Gerry Cooney's trainer expressed hope last week that something good may come of his fighter's sore left shoulder, the condition that forced postponement of Cooney's WBC heavyweight championship fight against Larry Holmes from March 15 to June 11. Noting that Cooney's bread-and-butter punch is his left hook, the trainer, Vic Valle, said that Cooney would rest the injured shoulder and train solely with the right hand, and he went so far as to suggest that this regimen—and Cooney's injury—could turn out to be "a blessing." "Sometimes these things work out that way," Valle said. "We're going to work on the right hand, make it better, and maybe the right hand will do the job instead of the left."
The annals of medicine do contain examples of athletic injuries having silver linings. Tracy Caulkins, the swimmer, broke an ankle in a fall in 1977 and was forced to train while wearing a waterproof cast that restricted the mobility of her leg, causing her to rely more on arm pull. Caulkins' upper-body strength increased as a result, and less than a year later she won five gold medals at the world championships in West Berlin. In the case of injuries involving the arm, some athletes have been able to compensate by developing their uninjured arms—as Valle hopes Cooney will do. There's the extreme example of baseball player Ed Head, who was a lefthanded pitcher until his left arm was crushed in a school bus accident as a teen-ager. He made it to the majors as a righthander, pitching a no-hitter for the Brooklyn Dodgers against the Boston Braves in 1946. Tennis player George Richey also switched arms—from right to left. After falling out of a car and shattering his right elbow when he was 13, he became a lefty, and in 1952 was the eighth-ranked U.S. professional.
But these cases are somewhat different from Cooney's. Caulkins was able to continue heavy training without endangering her fractured ankle, which was encased in fiber glass. Cooney's injury isn't a broken bone but a partial muscle tear in the back of his left shoulder, a malady that conceivably could be aggravated by movement of any kind. One boxing medic, Dr. Edwin Campbell, chief physician of the New York State Athletic Commission, questioned the treatment prescribed by Cooney's doctors and implied that Cooney shouldn't be using his right or left hand in training or, for that matter, doing roadwork. "What he's got is right in the middle of the back more than it is in the shoulder," Campbell said. "It needs absolute rest." Head and Richey developed their uninjured arms not while waiting for the injuries in their other arms to mend but because those injuries were permanent. And as remarkable as their conversions were, it shouldn't be assumed that Head and Richey were better off than they would have been had they avoided injury; for example, Richey always believed his serve and overhead shot would have been stronger had he been able to play righthanded.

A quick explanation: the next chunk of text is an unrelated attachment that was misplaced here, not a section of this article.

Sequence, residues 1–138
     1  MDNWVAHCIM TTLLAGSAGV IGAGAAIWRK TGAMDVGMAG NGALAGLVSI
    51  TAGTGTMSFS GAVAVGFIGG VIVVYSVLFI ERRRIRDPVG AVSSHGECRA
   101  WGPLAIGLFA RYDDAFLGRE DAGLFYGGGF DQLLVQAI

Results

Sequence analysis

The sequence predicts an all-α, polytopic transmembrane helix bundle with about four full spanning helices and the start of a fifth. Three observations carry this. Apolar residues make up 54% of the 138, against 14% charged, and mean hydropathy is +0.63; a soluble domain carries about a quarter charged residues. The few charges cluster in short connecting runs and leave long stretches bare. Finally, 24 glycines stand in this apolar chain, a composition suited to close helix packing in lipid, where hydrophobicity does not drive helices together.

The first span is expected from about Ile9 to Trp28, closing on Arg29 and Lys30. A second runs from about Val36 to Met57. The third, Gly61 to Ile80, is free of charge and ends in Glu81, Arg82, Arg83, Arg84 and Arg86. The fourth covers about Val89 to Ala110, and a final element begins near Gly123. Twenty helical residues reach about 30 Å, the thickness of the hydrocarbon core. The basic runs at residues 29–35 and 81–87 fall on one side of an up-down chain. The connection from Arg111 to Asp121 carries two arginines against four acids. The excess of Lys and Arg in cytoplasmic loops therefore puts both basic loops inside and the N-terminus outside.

If Cooney can take advantage of his convalescence by developing a right hand, more power to him—literally. But in order to beat Holmes he'll still need to have the undiminished use of his vaunted left hook. Whether he will recover fully from his injury and whether his course of treatment is the proper one are by no means certain. Admirable though Valle's positive thinking may be, his suggestion that Cooney's right hand could do the job "instead of the left" has an ominous ring to it.
A MUST FOR DIED-IN-THE-WOOL FANS
In their unceasing efforts to raise funds, some college athletic departments encourage boosters to name old Siwash the beneficiary of their life insurance policies; the University of North Dakota is currently holding 16 such policies bearing a potential value of more than $800,000. Recently, a newspaper in Louisiana, the Baton Rouge Morning Advocate, ran a letter from a reader suggesting a different sort of fund-raising scheme, by which LSU boosters could continue to make a conspicuous contribution to the school after they're gone. The reader, James Whitten, urged that fans be allowed to arrange to be buried beneath the stands of Tiger Stadium—for a price, of course.
Such a plan, Whitten explained, "would go far toward satisfying the ultimate longings of loyal Tiger fans everywhere while simultaneously filling the void in athletic department coffers. The most obvious plan would call for the construction of burial vaults in the open space beneath the seats. Cost to the prospective interee would vary according to location, with crypts nearer the 50-yard line commanding higher prices."
It's hard to imagine a better place to try out Whitten's idea than LSU. Because of the storied inhospitality of the school's rooters to visiting teams, Tiger Stadium has long been known as Death Valley. Further, the school's intercollegiate sports program is beset by deficits, which hastened the firing last month of Athletic Director Paul Dietzel. He had kept himself in the public eye in Baton Rouge by doing TV commercials on a local station for a burial insurance plan.
OLDER AND STILL WISE